Changing in the Time of Elections

February 20, 1871


The Dispatch details the system of elections that will be used in the upcoming years to come. Due to reapportionment, there will be an entirely new General Assembly, who, due to this intentional redistricting, results in an all-white state legislatures that bills that later restrict African-American rights and promote a conservative, racist agenda.


The appeal of the Dispatch is the language of patriotic impulse. and we would readily second it, even at the expense of incurring in these tax-ridden times the expense of two separate elections if we understand it to be well considered. There is, however, little or no necessity for change in the law as it stands on the statute book. which we presume is in accordance with the Constitution. This fall we shall fleet an entirely new General Assembly under a reapportionment bill. The delegates and half the Senators will hold over till November '73, when half of the Senators and all the delegates will be again voted tor. In the meantime, to-wit, in November '72, Congressmen and electors for President and Vice President will be alone elected. In November '73, in addition to the members of the General Assembly, the Governor and State ticket. and all country officers except clerks of courts, will be elected. Each spring of every year all city, town, township and district officers are elected. In November '74 we again vote for members of Congress, and on the same day in the same yeare for clerks of court, who hold ever for four years.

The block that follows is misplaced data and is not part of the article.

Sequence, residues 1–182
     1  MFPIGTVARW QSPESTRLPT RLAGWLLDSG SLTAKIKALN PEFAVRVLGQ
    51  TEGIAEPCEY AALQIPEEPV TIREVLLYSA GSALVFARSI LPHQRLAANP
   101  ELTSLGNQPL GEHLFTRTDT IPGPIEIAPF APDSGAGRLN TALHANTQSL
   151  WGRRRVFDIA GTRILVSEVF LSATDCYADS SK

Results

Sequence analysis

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Megan Wiora




“Changing in the Time of Elections,” Reconstructing Virginia, accessed February 1, 2023,